By Mashudu Netsianda
A SERIAL fraudster in Bulawayo who masqueraded as a top Central Intelligence Organisation (CIO) officer and a close security aide to President Emmerson Mnangagwa before duping Ingwebu Breweries of 375 litres of fuel and $1 200 has been convicted.
Henessy Dube (40) of Entumbane suburb met Ingwebu Breweries managing director Mr Dumisani Mhlanga and produced a fake CIO identity card before he identified himself as a director of operations in the CIO.
He offered to assist the company to recover money from its debtors purportedly using his influence by virtue of being in the President’s Office.
Dube also acquired a national identity card under the names Henessy Dube NR 08-682325-J-53 bearing his portrait.
He took another identity card NR 08-719040-R-53 with his picture but under the names of his brother, Majaha Julian Dube.
Armed with his brother’s identity card, Dube stole Majaha’s academic certificates and applied for a teaching post in the Ministry of Primary and Secondary Education. He was employed and deployed to teach in Tsholotsho in Matabeleland North.
Dube was yesterday convicted by Bulawayo magistrate, Mr Shepherd Munjanja of fraud, impersonating a public officer and making a false statement to deceive a registration officer in violation of Section 10 (1) (b) of the National Registration Act.
He was remanded to January 9 for sentencing as the State wants to first verify whether Dube has previous convictions or not.
Prosecuting, Mr Leonard Chile said sometime at the beginning of May this year during the Zimbabwe International Trade Fair, Dube went to Ingwebu Breweries head offices in Bulawayo intending to see management.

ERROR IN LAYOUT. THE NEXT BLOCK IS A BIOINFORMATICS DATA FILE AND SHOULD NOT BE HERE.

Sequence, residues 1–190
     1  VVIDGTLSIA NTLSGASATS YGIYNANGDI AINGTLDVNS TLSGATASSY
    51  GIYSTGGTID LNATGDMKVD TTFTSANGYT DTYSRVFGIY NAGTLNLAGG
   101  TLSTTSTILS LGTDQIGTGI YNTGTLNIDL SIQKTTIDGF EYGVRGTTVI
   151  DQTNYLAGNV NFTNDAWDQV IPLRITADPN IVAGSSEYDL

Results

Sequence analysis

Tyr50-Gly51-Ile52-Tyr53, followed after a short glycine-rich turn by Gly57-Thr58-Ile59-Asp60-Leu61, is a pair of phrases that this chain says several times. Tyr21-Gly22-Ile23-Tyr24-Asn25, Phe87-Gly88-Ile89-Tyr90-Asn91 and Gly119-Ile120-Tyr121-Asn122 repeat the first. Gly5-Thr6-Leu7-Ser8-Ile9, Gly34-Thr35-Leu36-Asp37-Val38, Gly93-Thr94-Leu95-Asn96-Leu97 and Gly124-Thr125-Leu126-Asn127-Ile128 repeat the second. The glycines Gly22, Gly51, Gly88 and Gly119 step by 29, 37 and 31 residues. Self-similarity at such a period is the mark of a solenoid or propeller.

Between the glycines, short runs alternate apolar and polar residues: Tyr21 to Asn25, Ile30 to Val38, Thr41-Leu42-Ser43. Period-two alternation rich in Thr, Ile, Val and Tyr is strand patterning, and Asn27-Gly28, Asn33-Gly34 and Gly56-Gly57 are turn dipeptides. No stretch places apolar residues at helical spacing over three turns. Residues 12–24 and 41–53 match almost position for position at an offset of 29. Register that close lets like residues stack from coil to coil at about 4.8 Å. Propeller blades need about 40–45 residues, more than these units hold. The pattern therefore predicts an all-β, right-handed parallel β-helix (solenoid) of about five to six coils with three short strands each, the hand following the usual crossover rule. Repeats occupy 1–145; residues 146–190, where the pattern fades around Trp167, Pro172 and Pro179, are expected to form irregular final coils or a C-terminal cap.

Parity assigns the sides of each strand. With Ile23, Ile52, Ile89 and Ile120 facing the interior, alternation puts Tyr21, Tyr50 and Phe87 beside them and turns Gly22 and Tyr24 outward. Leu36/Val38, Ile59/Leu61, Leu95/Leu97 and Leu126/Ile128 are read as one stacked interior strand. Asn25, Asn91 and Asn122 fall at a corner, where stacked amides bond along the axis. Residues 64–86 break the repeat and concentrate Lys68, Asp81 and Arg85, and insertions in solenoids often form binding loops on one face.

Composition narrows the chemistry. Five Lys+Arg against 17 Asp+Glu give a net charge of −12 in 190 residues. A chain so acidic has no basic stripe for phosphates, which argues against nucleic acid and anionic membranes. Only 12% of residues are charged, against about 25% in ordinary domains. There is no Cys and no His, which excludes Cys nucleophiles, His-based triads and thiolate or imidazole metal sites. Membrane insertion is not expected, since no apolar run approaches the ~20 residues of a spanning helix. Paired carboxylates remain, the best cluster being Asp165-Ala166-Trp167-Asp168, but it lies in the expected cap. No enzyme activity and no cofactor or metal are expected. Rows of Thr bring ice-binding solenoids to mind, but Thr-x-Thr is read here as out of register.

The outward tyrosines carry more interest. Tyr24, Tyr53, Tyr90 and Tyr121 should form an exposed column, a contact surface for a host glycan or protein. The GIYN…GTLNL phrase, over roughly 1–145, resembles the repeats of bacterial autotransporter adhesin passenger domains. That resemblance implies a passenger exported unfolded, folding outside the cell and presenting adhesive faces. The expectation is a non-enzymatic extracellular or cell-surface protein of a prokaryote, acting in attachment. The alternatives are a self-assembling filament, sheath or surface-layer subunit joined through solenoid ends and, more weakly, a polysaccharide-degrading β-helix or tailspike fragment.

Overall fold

During that time, Ingwebu Breweries was facing operational challenges, some of which emanated from a failure by its debtors to honour their commitments.
“The accused person approached the company’s managing director Mr Dumisani Mhlanga and introduced himself as the director of operations at the CIO based in Harare.
He told Mhlanga that he was in Bulawayo as part of a team of President Mnangagwa’s close security aides during the ZITF period,” Mr Chile said.
He said Dube produced a fake CIO identity card bearing the names Majaha Julian Dube.
“The accused person indicated to the Ingwebu Breweries managing director that he had picked information pertaining to the ill-treatment of workers and war veterans by management including the impending retrenchment of workers.
“He told the managing director that the President was not amused and due to his misrepresentation, Mr Mhlanga was convinced and he briefed Dube on the goings on at the company with the accused person promising to render assistance,” said Mr Chile.
He said a few days later, Dube returned to Ingwebu Breweries and offered to use his authority to pressurise the company’s debtors, which included companies contracted on beerhall franchise, to pay their debts and the management agreed.
Some debtors reportedly paid up after Dube’s intervention.
Mr Chile said Dube further pressurised management at Ingwebu Breweries to employ his friends under the guise that they were students on attachment from the CIO.
Their contracts were signed by management and they were given tasks to spy within the company’s various departments.
It was later established that Dube was not employed by the CIO and due to his misrepresentation, he benefited in the form of 375 litres of fuel allocation and $1 200 among other undisclosed benefits.
It also emerged in court that on December 7, 2012, Dube acquired a national identity card under the name Henessy Dube NR 08-682325-J-53 bearing his portrait. On June 3, 2017, Dube took another identity card NR 08-719040-R-53 with his picture but under the names Majaha Julian Dube.
“Checks with Registrar-General’s Office showed that the names Majaha Julian Dube and all the particulars including the portrait belonged to his brother who is now based in South Africa and suspected to have acquired citizenship of that country,” said Mr Chile.
The court was told that Dube has a previous conviction after masquerading as a doctor for six months at Mpilo Central Hospital. The Chronicle